In early November 2014, scientists from around the U.S. converged on Seattle to brainstorm the best ways to measure the effects of the drug rapamycin on the health and longevity of pet dogs. According to an article that Mike saw in The Seattle Times, “Rapamycin has emerged as the leading candidate among dozens of substances studied for anti-aging effects. Nearly 50 laboratory studies have shown that the compound can delay some diseases and degenerative processes and restore vigor to elderly animals, as well as extend average life spans by 9 to 40 percent.”
As my readers well know, I’m no fool. Not even 5 years old, every day I’m already taking daily dietary supplements (one comes from Trader Joe’s, certifying that it must be good for me). Longevity and vigor sounded good. So I wondered: Can Mike sign me up for this alleged wonder drug?
Ah, there’s the rub. Mike told me I’m too small for the early trials being conducted in Seattle. “The researchers, who got $200,000 in seed money from the University of Washington (UW), plan a pilot study of 30 large, middle-aged dogs,” the article says. According to the study’s website, dogagingproject.com, “We will most likely be forced to limit enrollment to mid-large-size dogs (70-100 pounds) in the 7-9 year-old range due to limited funding.” (It’s always about the Benjamins, right?)
When Mike first told me I was too young and too small, I was all ready to protest this blatant example of age and size discrimination. After all, this study was at least partially funded with public money. Small dogs are people, too. But Mike calmed me down by pointing out the researchers had thrown us diminutive breeds a bone: “Even if your dog does not qualify for the rapamycin study based on the current parameters, please do submit your pet for consideration. This will allow us to provide you with information as the study progresses, and to contact you when opportunities to expand the rapamycin study or to participate in other aspects of the project arise.”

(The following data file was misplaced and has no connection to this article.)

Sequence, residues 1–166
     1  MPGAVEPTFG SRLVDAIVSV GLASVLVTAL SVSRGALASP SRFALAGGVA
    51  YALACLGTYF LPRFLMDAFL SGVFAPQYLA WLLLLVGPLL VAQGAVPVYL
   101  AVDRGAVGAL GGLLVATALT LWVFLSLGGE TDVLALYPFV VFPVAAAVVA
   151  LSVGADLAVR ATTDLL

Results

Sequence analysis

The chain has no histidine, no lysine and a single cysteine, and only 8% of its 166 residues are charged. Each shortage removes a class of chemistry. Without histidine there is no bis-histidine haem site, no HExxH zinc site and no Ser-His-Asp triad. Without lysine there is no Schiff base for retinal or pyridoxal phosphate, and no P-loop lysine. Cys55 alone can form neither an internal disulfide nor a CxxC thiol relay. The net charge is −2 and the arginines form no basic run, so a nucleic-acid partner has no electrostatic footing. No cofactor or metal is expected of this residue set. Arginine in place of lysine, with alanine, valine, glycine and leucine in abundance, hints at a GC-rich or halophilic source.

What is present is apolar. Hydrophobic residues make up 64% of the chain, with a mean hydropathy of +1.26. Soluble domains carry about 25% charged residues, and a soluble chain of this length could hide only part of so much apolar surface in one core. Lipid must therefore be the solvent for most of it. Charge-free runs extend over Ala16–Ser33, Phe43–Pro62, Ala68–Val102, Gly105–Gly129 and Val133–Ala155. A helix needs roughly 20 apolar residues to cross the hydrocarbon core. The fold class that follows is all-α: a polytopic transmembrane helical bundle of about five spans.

Well, I figured, that’s better than nothing, and I called off the picket line I was planning to throw up with my pal Penny at the main entrance to the UW campus. I guess the pressure to move my participation along will now fall on Mike’s shoulders, or perhaps on his pocketbook. In the game of veterinary science, money talks. Will Mike kick in big-time dollars to push my name higher on the list for future studies? Or will he donate to saving elephants instead? That remains to be seen.
I don’t know how much I can depend on Mike for something like this. He can be a real tightwad sometimes. Maybe I should launch a Kickstarter campaign as insurance.
Even though I won’t be allowed in the UW study right away, there is one silver lining: No cats. “The initial study has to remain focused [on one species] in order to obtain meaningful data,” the website says. Let’s hope the big donors make them keep it that way.